The second way in which you can access news and general information using a mobile phone would be where you do so through the mobile phone’s radio application. Mobile phones nowadays also come with FM radio applications. Those are radio applications you can use to listen to various radio stations where the news and general information you need is broadcasted. Note that with some mobile phone models, you need to use the best Bluetooth on-ear headphones, if at all you are to be able to get news through the radio applications. Thanks to standardization of headphones, with some other mobile phone models, you can listen in using any type of headphones. That would be the case even if yours happen to be the most basic headphones for Xbox consoles (or some other similar device).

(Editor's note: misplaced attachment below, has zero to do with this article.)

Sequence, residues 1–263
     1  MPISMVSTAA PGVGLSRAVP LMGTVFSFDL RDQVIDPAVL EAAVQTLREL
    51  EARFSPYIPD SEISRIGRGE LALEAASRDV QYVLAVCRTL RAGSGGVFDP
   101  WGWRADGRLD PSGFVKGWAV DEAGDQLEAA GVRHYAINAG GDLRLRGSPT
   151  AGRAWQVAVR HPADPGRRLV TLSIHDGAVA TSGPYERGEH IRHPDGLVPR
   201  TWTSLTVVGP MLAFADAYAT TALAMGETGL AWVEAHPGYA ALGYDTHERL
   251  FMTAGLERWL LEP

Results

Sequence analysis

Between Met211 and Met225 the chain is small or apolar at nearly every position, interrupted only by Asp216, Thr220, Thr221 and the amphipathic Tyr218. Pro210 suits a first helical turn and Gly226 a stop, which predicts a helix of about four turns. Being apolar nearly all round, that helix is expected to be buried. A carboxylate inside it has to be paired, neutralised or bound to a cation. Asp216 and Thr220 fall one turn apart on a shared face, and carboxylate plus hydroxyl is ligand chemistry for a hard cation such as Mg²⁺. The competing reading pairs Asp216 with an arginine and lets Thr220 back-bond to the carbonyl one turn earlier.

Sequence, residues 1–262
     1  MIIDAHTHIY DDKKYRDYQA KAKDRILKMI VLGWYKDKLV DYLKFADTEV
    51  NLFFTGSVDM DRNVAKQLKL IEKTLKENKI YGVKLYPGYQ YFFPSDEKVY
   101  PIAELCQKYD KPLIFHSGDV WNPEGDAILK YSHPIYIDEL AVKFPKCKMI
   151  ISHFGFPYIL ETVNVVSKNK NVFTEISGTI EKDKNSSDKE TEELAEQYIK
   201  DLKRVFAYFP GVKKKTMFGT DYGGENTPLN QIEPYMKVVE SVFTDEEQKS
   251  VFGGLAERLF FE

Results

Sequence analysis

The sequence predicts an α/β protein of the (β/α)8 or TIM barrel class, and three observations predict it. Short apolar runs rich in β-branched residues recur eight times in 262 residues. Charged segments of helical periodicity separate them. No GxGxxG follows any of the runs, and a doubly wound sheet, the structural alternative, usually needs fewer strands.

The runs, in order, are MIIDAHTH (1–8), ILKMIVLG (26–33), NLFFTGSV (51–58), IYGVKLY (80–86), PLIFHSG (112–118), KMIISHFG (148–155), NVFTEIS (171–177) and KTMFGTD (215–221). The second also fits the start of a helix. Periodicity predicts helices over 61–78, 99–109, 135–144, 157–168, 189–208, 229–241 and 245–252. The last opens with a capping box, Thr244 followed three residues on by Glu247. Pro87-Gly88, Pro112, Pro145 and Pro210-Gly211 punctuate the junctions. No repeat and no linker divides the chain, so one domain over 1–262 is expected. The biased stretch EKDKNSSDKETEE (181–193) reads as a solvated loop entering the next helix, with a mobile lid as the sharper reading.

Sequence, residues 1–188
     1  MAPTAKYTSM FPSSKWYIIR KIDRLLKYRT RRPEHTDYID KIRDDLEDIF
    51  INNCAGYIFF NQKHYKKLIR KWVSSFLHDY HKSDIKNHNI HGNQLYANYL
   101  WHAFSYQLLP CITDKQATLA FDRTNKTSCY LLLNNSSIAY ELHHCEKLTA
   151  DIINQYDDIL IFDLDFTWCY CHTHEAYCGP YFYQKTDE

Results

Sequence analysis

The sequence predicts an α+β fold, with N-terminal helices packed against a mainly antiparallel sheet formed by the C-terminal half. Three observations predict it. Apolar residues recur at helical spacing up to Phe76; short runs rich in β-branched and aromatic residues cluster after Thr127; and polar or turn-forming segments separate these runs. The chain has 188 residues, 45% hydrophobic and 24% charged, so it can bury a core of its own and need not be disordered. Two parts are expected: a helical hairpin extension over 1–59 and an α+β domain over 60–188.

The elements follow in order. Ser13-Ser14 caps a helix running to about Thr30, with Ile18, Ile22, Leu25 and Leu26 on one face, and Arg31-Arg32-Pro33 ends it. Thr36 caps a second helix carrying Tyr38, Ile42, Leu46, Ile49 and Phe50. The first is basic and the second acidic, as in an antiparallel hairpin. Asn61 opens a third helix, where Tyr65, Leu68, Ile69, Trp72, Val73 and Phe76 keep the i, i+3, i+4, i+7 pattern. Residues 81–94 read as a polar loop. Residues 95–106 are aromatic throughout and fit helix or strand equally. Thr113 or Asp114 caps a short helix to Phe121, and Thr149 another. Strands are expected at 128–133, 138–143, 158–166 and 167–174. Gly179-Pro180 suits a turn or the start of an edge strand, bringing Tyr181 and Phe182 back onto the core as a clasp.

June 10, 2015
While considering giving people access to information through the Internet, one of the considerations you will have to make pertains to the appropriate model. And as it turns out, there are two models that you can use, when it comes to giving people access to information (any type of information) through the Internet.
The first model that you can use, when giving people access to information through the Internet, is the one where you make the information to be publicly available. Under this model, anyone who can access the website through which the information is being availed can fully access the information, without having to log in.